British Berry Growers complains of widening inflation gap between retailers and growers, and calls on supermarkets to pay “fair and reasonable price”

Retailers “seem to be looking after themselves”, and if returns to British berry growers don’t improve, they will be forced to reduce the volume of soft fruit they produce.

That was the stark warning from industry body British Berry Growers, which has accused retailers of failing to increase the price they pay growers in line with their increase in production costs. 

The trade body’s chairman, Nick Marston, said: “More and more, we see talk from retailers about their support for British farmers, but at a time when British growers need it most, the talk is not being reflected in reality. Retailers seem to be looking after themselves at the expense of British growers.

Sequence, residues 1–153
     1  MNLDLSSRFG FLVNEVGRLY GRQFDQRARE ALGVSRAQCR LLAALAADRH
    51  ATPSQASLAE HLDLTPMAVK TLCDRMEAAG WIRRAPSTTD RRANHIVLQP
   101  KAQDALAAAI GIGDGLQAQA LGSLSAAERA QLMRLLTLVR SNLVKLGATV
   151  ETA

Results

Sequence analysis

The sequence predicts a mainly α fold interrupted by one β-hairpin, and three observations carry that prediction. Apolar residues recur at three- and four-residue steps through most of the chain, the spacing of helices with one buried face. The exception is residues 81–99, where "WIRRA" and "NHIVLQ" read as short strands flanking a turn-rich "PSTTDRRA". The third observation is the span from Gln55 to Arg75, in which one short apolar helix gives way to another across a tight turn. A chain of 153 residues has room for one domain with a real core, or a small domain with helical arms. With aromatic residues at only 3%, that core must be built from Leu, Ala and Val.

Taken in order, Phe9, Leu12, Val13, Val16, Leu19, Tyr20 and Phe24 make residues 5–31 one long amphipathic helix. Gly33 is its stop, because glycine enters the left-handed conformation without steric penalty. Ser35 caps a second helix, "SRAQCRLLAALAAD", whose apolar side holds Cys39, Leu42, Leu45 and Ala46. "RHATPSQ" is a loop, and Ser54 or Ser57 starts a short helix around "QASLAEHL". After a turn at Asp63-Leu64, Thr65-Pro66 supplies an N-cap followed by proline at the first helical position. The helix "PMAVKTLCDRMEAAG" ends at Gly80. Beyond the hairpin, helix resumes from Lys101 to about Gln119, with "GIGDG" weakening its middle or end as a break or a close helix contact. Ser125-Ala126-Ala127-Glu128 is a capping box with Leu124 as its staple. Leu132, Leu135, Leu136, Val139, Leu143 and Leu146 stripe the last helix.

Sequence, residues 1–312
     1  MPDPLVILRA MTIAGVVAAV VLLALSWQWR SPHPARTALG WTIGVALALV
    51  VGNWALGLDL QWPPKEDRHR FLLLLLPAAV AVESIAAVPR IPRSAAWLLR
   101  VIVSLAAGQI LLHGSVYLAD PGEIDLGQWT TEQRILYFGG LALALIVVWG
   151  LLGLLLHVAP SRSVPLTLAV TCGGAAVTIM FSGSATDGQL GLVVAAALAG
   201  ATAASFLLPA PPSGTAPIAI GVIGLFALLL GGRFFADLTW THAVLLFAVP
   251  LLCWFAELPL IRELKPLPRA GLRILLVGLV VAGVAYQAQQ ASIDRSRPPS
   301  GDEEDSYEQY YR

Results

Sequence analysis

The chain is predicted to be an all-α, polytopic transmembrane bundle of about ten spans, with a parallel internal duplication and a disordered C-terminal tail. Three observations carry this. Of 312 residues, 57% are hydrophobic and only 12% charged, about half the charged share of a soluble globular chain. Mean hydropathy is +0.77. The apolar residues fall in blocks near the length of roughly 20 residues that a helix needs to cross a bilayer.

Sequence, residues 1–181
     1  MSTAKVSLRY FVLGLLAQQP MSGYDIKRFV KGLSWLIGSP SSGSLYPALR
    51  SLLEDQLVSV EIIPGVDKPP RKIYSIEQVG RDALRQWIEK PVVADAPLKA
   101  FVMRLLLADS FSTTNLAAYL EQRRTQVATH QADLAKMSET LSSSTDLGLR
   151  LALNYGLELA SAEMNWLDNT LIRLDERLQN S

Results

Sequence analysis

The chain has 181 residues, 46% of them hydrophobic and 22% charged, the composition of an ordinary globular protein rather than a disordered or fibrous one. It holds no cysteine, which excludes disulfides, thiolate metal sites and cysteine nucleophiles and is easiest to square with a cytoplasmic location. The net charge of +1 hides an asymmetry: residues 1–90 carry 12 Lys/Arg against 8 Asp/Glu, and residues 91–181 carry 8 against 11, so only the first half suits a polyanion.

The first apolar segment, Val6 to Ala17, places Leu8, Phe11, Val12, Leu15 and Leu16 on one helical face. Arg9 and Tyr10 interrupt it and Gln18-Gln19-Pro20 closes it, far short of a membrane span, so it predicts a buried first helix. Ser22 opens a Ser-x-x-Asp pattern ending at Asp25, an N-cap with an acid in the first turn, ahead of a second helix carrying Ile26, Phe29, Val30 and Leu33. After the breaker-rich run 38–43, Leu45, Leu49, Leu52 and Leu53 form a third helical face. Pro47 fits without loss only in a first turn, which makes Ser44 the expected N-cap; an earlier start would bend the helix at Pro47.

“If we don’t address this disconnect, British berry growers will start to reduce the numbers of berries they grow, as they are unable to make a profit.

“That’s why British Berry Growers is calling for retailers to pay a fair and sustainable price for British berries, so that we can all continue to enjoy home-grown berries in years to come.”

Figures from the British Retail Consortium (BRC) showed a 13.3% increase in food inflation for December 2022, with no immediate signs of waning.

Meanwhile, an Anderson’s Farm Business Consultancy report revealed a minimum inflation in growers’ costs of 15% for 2022, bringing the total cost inflation for growers over two years to 26% minimum.

British berry growers have not seen a similar increase in what retailers pay them. In fact, there has been no increase in the average price retailers pay berry growers, according to British Berry Growers.

As an example, the industry body’s members reported a 0% average year-on-year return increase for strawberries, the largest product in the berry category.

The latest BRC data shows a widening of the inflation gap between retailers and growers, which could lead to greater instability in the category. This could present a serious threat to the sustainability of the British soft fruit market, an industry worth over £1.6 billion to the UK economy, British Berry Growers said.